Cosmo, Hirshey tells us, was famous for not using fact-checkers – the magazine’s editorial failure to see HIV/AIDS as a disease that reached beyond gay men is Hirshey’s main example – and the alert reader may notice errors in Hirshey’s book (the Kinsey Institute is located in Bloomington, Indiana, not Bloomington, Illinois, and the University of Illinois is located in Urbana-Champaign, not Bloomington). But the sourcing is detailed, and Hirshey is clear about where she’s quoting Helen’s friends. So it seems reasonable to assume that most errors, like this one are small – and not a reason to forgo this delightful book.

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Brooklyn Bugle Book Review: “The Grid: The Fraying Wires Between Americans and our Energy Future” by Gretchen Bakke Ph.D. Fri, 03 Feb 2017 16:08:20 +0000 Screen Shot 2017-02-03 at 11.14.03 AMby Alexandra Bowie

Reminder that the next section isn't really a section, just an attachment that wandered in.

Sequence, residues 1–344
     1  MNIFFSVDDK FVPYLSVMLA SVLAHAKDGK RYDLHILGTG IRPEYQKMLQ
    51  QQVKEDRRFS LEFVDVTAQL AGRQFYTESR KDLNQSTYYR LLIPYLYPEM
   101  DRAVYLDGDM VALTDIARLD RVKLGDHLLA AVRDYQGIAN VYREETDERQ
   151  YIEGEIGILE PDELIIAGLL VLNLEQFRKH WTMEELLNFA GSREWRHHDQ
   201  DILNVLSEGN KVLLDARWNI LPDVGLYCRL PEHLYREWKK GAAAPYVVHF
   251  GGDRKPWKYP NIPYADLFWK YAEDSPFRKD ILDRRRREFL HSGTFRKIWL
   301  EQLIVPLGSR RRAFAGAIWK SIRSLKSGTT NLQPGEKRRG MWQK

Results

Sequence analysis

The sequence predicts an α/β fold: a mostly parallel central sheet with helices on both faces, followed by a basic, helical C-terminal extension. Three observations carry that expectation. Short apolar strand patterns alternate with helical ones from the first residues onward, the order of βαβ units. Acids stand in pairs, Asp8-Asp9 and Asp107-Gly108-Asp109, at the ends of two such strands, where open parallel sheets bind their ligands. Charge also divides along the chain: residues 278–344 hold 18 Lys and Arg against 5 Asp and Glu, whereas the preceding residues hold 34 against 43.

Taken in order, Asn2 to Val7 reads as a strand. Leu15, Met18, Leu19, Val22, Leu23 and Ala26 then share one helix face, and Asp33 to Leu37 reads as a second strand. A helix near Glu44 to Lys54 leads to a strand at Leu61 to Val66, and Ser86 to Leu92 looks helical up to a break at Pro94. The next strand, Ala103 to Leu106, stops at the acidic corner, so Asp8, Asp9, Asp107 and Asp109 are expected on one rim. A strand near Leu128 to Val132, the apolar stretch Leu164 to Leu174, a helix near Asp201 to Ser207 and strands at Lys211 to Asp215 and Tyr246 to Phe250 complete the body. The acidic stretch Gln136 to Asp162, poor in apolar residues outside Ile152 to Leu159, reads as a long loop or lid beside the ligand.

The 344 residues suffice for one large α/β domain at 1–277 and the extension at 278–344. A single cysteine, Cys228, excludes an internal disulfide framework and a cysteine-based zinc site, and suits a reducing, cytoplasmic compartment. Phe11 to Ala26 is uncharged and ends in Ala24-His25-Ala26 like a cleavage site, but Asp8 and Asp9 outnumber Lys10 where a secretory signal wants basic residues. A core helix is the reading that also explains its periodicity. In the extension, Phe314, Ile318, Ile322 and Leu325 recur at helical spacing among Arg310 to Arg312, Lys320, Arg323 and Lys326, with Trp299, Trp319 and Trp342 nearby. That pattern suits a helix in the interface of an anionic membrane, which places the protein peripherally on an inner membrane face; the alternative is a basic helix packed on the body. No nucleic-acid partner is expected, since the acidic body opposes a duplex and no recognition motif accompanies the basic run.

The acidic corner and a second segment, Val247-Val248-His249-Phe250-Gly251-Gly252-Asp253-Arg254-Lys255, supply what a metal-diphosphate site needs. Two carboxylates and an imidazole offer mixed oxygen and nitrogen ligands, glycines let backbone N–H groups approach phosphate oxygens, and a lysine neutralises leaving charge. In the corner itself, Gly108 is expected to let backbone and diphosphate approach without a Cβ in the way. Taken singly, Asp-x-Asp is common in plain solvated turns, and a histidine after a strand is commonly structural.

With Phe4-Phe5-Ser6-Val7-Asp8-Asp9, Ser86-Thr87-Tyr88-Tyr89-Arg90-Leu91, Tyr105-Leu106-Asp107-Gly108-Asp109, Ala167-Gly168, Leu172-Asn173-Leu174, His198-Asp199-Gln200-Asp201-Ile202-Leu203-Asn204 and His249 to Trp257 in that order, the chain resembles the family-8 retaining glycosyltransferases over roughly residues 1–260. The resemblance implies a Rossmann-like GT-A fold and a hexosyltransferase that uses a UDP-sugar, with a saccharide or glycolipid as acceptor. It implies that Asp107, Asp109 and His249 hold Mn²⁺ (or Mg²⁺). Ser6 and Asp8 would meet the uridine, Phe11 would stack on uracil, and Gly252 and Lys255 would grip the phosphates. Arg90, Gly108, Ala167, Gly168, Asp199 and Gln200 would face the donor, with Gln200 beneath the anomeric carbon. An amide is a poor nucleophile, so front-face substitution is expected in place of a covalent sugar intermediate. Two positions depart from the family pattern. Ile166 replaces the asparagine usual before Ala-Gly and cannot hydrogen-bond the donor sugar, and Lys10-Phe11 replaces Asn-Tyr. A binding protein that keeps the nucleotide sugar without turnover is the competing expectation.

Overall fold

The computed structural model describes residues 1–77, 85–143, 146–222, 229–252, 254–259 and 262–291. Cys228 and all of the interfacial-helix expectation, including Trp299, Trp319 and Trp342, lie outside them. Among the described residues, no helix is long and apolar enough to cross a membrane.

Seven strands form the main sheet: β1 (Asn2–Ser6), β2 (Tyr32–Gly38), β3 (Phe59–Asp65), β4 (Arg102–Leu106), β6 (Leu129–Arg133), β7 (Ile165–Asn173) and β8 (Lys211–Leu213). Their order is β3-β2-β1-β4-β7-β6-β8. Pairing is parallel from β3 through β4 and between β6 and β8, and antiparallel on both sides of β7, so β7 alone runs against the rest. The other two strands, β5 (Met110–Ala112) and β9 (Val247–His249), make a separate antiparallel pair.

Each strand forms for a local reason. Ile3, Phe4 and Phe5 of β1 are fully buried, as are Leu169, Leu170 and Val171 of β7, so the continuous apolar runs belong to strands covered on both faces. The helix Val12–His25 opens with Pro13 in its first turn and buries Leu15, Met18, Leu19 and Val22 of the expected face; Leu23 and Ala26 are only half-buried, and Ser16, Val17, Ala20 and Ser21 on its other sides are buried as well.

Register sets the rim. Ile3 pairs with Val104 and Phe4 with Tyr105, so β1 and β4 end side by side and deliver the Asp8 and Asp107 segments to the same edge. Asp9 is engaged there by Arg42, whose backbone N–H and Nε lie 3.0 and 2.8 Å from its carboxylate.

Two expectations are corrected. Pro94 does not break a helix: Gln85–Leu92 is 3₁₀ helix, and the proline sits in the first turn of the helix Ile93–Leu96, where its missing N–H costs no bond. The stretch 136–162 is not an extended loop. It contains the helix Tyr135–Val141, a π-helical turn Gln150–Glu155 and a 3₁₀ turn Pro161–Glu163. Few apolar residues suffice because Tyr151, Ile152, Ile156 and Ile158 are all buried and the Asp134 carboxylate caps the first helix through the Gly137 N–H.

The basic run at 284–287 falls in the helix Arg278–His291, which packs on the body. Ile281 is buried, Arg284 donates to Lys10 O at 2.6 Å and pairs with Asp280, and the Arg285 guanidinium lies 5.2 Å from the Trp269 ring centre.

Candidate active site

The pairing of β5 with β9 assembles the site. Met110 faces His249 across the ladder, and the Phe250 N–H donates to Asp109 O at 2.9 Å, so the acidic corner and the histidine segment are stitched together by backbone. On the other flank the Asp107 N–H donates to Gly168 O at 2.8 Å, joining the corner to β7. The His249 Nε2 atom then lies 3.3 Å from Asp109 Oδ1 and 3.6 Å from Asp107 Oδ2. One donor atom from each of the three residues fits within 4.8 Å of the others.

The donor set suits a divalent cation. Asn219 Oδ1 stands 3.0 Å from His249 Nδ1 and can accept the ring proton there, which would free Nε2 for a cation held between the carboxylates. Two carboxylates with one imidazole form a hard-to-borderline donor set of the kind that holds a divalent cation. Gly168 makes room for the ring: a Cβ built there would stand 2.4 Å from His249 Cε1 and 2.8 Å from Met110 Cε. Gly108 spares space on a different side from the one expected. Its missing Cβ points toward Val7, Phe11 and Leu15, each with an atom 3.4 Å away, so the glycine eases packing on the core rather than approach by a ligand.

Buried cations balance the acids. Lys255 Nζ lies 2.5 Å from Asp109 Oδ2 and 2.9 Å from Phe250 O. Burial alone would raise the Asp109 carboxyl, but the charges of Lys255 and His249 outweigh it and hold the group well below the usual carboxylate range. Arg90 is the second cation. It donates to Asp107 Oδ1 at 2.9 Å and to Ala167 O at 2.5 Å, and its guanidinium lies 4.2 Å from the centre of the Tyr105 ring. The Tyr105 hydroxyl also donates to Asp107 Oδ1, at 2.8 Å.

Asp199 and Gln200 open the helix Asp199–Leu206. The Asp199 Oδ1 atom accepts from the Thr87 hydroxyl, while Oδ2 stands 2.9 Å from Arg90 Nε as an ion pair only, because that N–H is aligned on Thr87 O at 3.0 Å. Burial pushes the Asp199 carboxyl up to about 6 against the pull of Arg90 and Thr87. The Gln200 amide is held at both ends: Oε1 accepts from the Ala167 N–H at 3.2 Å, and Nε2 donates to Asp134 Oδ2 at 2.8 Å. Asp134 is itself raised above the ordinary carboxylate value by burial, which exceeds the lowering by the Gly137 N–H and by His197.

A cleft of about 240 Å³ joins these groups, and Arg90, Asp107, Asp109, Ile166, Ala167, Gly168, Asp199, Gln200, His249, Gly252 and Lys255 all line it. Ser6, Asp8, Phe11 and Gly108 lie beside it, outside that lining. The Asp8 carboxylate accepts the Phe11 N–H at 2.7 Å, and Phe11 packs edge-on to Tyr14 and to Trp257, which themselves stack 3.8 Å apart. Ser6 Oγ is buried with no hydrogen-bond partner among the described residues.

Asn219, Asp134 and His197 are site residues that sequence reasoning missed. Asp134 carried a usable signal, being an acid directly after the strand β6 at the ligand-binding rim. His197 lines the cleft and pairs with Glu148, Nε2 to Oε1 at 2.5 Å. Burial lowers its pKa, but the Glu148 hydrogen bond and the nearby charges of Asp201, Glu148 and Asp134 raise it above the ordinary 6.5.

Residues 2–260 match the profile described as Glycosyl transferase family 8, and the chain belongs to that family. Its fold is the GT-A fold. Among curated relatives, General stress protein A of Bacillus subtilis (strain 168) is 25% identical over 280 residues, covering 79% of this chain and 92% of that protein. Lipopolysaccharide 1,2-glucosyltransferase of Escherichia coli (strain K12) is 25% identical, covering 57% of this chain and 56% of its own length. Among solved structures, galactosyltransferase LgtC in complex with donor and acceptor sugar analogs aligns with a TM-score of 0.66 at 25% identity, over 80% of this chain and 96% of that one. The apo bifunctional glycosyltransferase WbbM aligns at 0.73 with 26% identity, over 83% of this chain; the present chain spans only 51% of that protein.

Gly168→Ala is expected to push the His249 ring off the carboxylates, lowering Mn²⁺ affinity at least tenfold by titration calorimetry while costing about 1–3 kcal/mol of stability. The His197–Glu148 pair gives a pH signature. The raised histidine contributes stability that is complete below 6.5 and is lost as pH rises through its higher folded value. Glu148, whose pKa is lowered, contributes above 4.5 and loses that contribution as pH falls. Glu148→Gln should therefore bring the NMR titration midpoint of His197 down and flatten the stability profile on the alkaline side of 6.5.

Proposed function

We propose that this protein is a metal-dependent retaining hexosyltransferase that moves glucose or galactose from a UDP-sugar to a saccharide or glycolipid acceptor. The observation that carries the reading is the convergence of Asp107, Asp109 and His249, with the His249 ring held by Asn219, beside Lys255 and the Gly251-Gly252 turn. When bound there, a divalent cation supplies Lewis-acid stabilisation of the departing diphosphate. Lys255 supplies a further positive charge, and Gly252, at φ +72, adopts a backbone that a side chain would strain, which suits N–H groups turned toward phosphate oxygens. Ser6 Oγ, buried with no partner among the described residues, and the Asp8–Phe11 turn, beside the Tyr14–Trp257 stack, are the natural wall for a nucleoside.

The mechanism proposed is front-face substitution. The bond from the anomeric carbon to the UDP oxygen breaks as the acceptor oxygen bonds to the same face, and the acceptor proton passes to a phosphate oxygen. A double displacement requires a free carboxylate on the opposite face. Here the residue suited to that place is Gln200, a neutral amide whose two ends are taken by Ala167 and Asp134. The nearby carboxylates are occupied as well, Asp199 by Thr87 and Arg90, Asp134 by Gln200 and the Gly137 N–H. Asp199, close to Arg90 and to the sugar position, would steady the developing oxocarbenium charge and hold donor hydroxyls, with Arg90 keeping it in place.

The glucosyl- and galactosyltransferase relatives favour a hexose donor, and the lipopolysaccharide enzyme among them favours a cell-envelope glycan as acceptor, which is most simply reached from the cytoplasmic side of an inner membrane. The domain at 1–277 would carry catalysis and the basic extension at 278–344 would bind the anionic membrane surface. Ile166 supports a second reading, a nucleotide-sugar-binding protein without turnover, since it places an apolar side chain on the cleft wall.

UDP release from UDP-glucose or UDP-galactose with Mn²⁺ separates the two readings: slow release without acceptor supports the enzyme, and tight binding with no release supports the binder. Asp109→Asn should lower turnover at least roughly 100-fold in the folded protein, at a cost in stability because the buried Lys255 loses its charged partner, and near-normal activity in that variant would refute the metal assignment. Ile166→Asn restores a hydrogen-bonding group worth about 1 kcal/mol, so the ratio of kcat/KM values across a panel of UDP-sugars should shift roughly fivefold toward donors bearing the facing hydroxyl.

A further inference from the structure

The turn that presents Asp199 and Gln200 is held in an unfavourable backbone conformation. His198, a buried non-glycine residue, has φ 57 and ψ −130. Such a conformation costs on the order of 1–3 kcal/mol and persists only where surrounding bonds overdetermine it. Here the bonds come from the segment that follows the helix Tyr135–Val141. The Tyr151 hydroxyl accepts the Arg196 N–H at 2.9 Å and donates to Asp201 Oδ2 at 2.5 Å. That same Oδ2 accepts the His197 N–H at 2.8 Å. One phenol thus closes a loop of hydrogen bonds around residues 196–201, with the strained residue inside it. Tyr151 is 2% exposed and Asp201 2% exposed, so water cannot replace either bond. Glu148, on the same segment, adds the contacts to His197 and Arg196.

It’s a truism that the United States, like the rest of the developed world, is dependent on electricity to power our homes, our transportation systems, and our communications. In “The Grid” Gretchen Bakke, a cultural anthropologist, examines our electric grid, exploring how it developed and the cultural factors that maintain it (or, as she points out, fail to maintain it adequately). News reports focus on energy sources – coal, oil, gas – but rarely on what Bakke calls the “complex and expansive electrical delivery system”: the wires, substations, poles and transformers that bring power from distant sources to our wall outlets. This system, Bakke says, “is the world’s largest machine and the twentieth century’s greatest engineering achievement.” We mostly ignore it, until it breaks down, as it is doing with increasing frequency (measured both by number and the length of power outages). A green and sustainable energy future is achievable, Bakke reminds us, but not without the grid.